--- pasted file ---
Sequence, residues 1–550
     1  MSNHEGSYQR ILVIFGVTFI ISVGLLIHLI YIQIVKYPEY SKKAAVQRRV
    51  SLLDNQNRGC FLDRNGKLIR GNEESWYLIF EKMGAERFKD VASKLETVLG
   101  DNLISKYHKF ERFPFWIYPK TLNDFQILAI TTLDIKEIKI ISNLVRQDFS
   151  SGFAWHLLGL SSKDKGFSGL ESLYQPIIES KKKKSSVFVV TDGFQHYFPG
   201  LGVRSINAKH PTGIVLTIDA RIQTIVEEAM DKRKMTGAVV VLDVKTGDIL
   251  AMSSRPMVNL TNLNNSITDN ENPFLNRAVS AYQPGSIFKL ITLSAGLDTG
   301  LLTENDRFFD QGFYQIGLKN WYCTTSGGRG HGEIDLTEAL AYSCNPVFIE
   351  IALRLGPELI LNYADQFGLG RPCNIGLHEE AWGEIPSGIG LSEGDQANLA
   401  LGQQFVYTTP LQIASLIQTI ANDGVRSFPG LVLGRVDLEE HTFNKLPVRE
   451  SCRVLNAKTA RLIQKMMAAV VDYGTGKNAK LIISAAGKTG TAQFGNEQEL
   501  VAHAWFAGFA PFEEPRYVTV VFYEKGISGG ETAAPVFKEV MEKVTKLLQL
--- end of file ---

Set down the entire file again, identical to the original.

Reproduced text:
Sequence, residues 1–550
     1  MSNHEGSYQR ILVIFGVTFI ISVGLLIHLI YIQIVKYPEY SKKAAVQRRV
    51  SLLDNQNRGC FLDRNGKLIR GNEESWYLIF EKMGAERFKD VASKLETVLG
   101  DNLISKYHKF ERFPFWIYPK TLNDFQILAI TTLDIKEIKI ISNLVRQDFS
   151  SGFAWHLLGL SSKDKGFSGL ESLYQPIIES KKKKSSVFVV TDGFQHYFPG
   201  LGVRSINAKH PTGIVLTIDA RIQTIVEEAM DKRKMTGAVV VLDVKTGDIL
   251  AMSSRPMVNL TNLNNSITDN ENPFLNRAVS AYQPGSIFKL ITLSAGLDTG
   301  LLTENDRFFD QGFYQIGLKN WYCTTSGGRG HGEIDLTEAL AYSCNPVFIE
   351  IALRLGPELI LNYADQFGLG RPCNIGLHEE AWGEIPSGIG LSEGDQANLA
   401  LGQQFVYTTP LQIASLIQTI ANDGVRSFPG LVLGRVDLEE HTFNKLPVRE
   451  SCRVLNAKTA RLIQKMMAAV VDYGTGKNAK LIISAAGKTG TAQFGNEQEL
   501  VAHAWFAGFA PFEEPRYVTV VFYEKGISGG ETAAPVFKEV MEKVTKLLQL